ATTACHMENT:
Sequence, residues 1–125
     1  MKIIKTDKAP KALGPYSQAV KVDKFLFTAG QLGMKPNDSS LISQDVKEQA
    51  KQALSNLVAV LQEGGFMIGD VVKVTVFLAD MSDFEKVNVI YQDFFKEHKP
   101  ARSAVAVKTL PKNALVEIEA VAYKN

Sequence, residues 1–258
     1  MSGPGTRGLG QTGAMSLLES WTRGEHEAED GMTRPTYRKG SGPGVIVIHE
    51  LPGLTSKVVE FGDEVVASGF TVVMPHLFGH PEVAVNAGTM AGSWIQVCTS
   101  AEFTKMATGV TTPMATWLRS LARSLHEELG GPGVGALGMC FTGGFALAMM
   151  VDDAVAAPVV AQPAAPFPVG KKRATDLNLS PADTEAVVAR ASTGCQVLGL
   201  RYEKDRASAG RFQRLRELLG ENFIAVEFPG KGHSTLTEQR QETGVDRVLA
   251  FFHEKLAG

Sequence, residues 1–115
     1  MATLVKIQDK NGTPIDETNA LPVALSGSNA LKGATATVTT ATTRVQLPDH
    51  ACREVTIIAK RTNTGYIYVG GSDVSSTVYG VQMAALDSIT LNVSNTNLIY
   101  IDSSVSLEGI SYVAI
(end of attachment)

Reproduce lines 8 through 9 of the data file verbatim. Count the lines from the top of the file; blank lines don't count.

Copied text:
   101  AEFTKMATGV TTPMATWLRS LARSLHEELG GPGVGALGMC FTGGFALAMM
   151  VDDAVAAPVV AQPAAPFPVG KKRATDLNLS PADTEAVVAR ASTGCQVLGL